Haley plans to tackle state roads fix next year

Posted by ANDREW SHAIN on July 1, 2014 

Construction on I-20 between Alpine and Spears Creek Church roads near Columbia finished last week.

TIM DOMINICK — tdominick@thestate.com Buy Photo

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— Just as she did with schools this year, Gov. Nikki Haley plans to tackle ways to fund roads when the Legislature meets in January.

Haley unveiled a $180 million education plan that lawmakers approved for the budget year that started Tuesday. The education plan used money from rising state tax revenues in the improving economy and included spending more in poorer districts, hiring reading coaches, holding summer reading programs and improving technology in classrooms.

Haley said during a campaign news conference in Columbia on Tuesday that lawmakers wanted to improve education but had no plan. So the governor's office developed a spending plan and legislators "ran with it," she said.

That's the gameplan Haley said she will use with roads that need $29 billion in work by 2033.

The governor has already promised to veto an increase in the state gas tax -- one of the lowest in the nation.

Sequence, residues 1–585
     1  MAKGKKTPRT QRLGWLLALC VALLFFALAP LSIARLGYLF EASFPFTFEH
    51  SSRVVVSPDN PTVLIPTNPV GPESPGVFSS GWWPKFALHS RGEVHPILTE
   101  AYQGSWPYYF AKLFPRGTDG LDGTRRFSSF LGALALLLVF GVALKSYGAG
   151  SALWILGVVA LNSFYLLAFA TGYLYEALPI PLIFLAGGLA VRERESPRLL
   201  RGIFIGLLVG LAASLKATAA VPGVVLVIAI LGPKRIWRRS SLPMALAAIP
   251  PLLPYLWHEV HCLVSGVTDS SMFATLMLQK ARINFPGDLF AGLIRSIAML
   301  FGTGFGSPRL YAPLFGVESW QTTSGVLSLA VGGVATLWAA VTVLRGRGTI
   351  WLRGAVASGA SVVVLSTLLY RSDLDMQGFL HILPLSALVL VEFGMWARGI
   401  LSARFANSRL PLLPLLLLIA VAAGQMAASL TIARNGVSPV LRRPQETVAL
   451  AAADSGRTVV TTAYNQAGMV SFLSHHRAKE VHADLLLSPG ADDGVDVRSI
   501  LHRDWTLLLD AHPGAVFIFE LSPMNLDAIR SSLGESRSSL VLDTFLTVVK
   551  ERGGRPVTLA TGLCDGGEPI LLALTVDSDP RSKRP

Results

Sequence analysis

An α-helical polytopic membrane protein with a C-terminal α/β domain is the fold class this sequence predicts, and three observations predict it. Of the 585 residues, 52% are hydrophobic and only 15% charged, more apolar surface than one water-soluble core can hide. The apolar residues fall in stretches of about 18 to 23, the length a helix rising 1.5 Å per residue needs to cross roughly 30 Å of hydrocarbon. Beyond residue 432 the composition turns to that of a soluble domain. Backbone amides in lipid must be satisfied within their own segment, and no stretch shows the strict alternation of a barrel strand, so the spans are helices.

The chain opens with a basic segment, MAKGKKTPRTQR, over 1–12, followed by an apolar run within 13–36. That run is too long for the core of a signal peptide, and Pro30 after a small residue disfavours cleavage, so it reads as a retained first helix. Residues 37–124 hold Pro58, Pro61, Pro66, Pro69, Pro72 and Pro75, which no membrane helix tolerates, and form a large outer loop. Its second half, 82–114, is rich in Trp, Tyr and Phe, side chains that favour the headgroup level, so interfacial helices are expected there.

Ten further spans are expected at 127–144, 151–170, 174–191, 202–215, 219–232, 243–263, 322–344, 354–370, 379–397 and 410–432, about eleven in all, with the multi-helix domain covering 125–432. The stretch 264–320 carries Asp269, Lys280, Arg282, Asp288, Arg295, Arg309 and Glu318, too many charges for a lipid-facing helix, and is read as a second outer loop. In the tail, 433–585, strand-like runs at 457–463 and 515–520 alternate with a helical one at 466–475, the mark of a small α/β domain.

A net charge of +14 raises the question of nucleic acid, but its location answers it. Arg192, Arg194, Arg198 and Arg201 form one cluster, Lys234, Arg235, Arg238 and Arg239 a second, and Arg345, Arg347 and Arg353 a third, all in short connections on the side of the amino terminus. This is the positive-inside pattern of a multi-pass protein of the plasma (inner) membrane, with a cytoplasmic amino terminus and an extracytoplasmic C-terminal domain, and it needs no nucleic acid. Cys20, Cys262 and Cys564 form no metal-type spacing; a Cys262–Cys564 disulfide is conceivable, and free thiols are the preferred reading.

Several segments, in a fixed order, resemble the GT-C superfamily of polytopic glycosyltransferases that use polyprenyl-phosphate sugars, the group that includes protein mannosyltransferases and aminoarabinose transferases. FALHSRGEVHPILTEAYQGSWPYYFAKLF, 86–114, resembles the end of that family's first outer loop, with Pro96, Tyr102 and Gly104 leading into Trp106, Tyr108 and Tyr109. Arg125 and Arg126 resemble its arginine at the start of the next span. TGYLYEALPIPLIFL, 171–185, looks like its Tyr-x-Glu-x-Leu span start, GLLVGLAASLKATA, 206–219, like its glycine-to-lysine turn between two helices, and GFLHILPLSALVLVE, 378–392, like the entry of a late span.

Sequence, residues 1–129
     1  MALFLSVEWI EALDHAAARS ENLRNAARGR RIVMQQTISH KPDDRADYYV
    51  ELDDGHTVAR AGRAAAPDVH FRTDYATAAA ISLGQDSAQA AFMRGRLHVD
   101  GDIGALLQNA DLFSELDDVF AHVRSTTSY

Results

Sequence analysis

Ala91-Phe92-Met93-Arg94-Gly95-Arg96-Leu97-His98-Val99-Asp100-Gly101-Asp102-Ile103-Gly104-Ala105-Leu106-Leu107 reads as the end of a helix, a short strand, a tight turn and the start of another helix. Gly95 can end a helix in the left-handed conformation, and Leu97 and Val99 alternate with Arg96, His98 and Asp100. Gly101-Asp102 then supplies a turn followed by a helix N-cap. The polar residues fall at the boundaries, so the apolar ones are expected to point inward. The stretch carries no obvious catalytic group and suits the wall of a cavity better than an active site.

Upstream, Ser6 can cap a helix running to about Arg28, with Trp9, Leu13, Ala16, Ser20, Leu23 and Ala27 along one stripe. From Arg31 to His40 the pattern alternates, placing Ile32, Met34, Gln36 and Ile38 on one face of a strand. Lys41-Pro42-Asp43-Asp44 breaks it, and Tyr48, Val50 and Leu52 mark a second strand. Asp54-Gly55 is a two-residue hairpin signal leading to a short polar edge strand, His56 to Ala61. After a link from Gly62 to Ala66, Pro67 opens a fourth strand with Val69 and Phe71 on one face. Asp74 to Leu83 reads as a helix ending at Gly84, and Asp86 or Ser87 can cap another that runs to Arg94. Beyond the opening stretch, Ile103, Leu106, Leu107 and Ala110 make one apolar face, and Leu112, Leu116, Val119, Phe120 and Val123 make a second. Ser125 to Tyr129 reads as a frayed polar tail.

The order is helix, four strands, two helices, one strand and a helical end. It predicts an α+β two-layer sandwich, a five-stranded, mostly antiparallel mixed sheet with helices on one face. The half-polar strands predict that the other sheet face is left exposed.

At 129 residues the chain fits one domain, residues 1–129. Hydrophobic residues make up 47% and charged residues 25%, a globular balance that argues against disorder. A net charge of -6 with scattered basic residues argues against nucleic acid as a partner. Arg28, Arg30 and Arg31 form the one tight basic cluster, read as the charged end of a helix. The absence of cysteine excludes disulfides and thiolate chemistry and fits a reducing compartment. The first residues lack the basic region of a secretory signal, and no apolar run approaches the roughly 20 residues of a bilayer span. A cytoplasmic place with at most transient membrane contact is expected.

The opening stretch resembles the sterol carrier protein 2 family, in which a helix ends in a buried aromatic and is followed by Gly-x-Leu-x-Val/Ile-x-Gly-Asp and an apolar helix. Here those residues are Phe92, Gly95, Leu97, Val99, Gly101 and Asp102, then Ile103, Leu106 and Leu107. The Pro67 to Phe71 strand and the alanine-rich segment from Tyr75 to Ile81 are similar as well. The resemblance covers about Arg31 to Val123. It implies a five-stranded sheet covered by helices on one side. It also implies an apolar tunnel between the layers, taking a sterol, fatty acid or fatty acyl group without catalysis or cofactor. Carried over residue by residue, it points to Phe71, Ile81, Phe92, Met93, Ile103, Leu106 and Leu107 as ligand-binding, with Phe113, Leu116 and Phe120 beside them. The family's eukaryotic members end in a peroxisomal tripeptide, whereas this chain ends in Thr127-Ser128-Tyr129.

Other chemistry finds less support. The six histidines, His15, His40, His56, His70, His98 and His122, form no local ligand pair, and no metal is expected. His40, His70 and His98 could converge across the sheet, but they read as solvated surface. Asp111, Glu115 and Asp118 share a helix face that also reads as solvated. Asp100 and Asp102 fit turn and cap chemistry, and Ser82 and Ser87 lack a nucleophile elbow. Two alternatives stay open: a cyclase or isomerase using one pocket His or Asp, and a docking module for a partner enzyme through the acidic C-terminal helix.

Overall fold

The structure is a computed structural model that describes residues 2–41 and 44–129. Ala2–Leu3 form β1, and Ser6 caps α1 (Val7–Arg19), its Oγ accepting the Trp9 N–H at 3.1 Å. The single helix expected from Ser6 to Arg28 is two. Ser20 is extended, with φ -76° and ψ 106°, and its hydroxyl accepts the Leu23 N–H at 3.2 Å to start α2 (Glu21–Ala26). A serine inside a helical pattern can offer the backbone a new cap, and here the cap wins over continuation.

"When you raise the costs on transportation, you are hurting business," she said.

She suggested during her State of the State address to use the annual budget surplus to pay for roads – what she called “the money tree.” Critics say the money is not a reliable source of revenue, though the state had an extra $86 million this year. Lawmakers did not act on her proposal -- a year after adopting a plan that could provide $500 million for roads.

Haley did not reveal any details of her latest plan, though said "South Carolina is doing well," suggesting that she might recommend using growing tax revenues to pay for roads like she did for schools.

"We can find money for that," she said.

One senator said Haley, R-Lexington, ought to share her ideas before voters cast ballots in November for her re-election bid against Democratic State Sen. Vincent Sheheen.

“She’s going to have to tell us before we come back,” said Sen. Ray Cleary, a Georgetown Republican who champions road issues. “The public deserves to know before the election what are her ideas.”

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